Opinions Fri, 28 Mar 2014
By Charles Kofi FekpeIt’s very common knowledge, that a camel can go without water for many many days – interestingly, research shows a giraffe can go without water, much longer.. It makes me wonder how long Ghana can go on without a stable economic life or better still, a solid mechanism to quickly and effectively stabilize any misdirected economic accident as and when they happen. At least, not until I read the scripts of the Lecture by Dr Bawumia on Ghana’s ailing Economy on 25th March 2014.
“At the heart of the problem is the lack of fiscal and monetary discipline” – I couldn’t have agreed more with this statement. More importantly, I would also like to know what the Government has done with $20 billion of development monies of the last few years. And I totally agree too, with his corrective/stabilization measure recommendations at the end of his lecture. I was however hoping that after all was stabilized, what next? What do successive governments have to do to ensure that any stabilization is solidified economically speaking at least in the medium term?
These having been said and purely out of respect and for the purposes of complimentary discourse, there were some arrears of the Honourable economist’s presentation that could do with some defence. Seeing that they form a fundamental context of his position.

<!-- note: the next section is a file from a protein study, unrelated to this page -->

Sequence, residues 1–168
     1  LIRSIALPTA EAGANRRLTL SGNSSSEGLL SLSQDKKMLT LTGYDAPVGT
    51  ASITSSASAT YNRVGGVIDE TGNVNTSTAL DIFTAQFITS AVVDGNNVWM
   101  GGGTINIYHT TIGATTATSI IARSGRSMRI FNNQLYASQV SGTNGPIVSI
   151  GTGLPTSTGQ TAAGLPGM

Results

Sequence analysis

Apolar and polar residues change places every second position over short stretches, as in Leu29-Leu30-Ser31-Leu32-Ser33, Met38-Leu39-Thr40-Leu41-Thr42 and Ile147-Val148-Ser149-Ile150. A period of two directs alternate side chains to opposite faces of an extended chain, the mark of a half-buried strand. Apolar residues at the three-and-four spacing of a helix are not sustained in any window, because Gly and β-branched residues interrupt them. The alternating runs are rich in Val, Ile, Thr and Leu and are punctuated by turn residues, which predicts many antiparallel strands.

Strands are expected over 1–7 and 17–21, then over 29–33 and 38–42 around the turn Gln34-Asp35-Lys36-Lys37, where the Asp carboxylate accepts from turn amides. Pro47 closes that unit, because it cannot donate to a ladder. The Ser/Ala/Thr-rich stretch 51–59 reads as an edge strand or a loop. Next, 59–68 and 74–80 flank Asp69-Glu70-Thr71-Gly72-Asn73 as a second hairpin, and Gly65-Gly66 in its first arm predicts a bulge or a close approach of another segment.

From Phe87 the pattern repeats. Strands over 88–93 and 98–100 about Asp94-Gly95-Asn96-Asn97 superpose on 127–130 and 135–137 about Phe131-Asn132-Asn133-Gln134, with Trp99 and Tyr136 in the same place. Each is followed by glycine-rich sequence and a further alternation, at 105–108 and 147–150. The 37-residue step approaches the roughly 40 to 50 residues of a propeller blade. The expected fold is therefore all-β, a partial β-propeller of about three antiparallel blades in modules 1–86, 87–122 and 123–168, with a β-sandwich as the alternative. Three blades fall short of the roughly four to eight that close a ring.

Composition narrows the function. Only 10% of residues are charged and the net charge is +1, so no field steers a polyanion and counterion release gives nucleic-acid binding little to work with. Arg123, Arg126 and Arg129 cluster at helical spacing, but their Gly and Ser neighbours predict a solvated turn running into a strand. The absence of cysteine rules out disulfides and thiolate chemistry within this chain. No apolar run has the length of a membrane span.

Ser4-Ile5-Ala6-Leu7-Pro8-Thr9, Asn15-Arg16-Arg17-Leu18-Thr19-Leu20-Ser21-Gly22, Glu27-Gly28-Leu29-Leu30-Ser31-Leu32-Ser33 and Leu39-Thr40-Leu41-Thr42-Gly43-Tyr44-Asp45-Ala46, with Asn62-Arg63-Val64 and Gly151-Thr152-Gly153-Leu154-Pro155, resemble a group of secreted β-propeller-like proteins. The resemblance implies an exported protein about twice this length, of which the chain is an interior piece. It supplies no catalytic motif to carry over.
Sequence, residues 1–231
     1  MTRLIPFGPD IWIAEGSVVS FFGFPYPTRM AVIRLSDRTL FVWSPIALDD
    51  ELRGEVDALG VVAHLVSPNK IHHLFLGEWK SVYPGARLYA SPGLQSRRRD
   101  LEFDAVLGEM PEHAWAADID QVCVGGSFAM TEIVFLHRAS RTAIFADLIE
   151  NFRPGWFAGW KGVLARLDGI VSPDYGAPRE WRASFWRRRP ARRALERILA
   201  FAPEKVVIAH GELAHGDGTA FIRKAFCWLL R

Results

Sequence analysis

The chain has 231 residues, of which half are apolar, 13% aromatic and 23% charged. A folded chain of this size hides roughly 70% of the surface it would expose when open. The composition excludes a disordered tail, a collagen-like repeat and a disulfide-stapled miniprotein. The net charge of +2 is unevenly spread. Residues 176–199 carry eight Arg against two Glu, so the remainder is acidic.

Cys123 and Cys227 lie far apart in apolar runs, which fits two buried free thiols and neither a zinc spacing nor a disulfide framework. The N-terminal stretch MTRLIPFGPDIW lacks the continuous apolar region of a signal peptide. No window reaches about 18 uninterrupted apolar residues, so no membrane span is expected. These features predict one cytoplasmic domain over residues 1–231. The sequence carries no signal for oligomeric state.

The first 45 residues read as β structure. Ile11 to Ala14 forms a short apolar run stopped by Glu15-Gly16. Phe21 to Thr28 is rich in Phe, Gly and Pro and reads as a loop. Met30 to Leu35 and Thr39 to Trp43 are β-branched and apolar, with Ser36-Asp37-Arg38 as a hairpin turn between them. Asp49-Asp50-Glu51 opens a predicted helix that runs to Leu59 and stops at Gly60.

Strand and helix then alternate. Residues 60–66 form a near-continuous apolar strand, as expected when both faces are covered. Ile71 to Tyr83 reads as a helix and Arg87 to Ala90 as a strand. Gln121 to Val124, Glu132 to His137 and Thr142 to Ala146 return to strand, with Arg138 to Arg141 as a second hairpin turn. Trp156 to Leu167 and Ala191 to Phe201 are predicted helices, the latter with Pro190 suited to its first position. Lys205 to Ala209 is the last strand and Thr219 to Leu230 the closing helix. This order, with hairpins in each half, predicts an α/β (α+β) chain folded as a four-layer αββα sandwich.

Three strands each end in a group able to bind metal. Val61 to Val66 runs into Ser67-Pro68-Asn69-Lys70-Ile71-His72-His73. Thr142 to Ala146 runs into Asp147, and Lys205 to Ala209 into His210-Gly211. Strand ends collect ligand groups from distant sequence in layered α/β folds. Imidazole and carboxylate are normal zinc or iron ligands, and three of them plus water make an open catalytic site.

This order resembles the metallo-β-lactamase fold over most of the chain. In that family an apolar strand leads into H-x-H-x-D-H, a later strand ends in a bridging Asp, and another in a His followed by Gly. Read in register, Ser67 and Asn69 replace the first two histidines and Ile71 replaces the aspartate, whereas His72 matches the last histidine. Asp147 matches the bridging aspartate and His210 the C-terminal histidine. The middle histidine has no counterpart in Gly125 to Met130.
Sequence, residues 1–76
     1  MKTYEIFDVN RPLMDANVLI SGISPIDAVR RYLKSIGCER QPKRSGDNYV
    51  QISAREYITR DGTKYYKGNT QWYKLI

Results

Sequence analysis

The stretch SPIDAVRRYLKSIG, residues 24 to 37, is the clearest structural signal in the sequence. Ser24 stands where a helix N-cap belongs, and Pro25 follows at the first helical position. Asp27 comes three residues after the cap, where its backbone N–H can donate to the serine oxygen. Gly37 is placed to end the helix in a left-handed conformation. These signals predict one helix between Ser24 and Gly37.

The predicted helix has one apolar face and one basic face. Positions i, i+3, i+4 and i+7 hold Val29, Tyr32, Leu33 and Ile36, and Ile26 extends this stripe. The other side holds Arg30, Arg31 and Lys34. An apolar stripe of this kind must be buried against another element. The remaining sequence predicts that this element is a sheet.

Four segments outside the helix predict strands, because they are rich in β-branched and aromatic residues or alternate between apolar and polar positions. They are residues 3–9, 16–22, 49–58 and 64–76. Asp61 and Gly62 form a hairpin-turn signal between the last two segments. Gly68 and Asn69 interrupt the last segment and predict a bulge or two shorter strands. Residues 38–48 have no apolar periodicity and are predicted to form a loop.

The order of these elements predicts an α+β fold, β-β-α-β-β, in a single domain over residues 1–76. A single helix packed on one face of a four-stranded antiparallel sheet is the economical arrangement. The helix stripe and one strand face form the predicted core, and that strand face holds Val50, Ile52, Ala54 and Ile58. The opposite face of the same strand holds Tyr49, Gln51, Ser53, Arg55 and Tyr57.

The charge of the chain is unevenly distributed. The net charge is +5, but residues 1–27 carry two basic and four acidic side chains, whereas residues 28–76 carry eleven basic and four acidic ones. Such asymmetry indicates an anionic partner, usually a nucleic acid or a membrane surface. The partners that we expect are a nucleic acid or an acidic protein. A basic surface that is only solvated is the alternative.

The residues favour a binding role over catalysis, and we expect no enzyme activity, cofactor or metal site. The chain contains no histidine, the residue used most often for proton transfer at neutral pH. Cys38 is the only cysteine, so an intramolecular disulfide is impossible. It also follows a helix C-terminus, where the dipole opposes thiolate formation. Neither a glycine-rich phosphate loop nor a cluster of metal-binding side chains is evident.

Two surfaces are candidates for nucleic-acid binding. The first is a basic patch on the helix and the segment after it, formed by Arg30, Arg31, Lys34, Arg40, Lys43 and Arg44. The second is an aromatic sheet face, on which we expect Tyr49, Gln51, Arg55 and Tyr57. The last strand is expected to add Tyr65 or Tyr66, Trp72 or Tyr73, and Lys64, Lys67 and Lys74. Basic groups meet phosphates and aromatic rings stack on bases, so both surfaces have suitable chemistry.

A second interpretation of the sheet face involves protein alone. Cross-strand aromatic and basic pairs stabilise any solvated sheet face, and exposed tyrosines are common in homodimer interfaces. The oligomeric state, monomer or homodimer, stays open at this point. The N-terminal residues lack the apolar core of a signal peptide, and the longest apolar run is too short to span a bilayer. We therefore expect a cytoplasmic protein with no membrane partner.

1. Dr Bawumia indicates that “To bridge the gap between black market and official exchange rates, foreign exchange bureaus were established in February 1988, leading to the virtual absorption of the foreign exchange black market. The cedi exchange rate therefore became market determined with an increase in demand for foreign currency resulting in depreciation……” Do we interpret this to mean that, it was only when the Forex Bureaus were established in 1988 that the Cedi started being influenced by the demand and supply market? Shall we in extrapolation thus also assume that the black market should not be considered part of the currency influencing market because of their black nature? – that’s a bit of an exchange rate racist discrimination sir, don’t you think? Sir?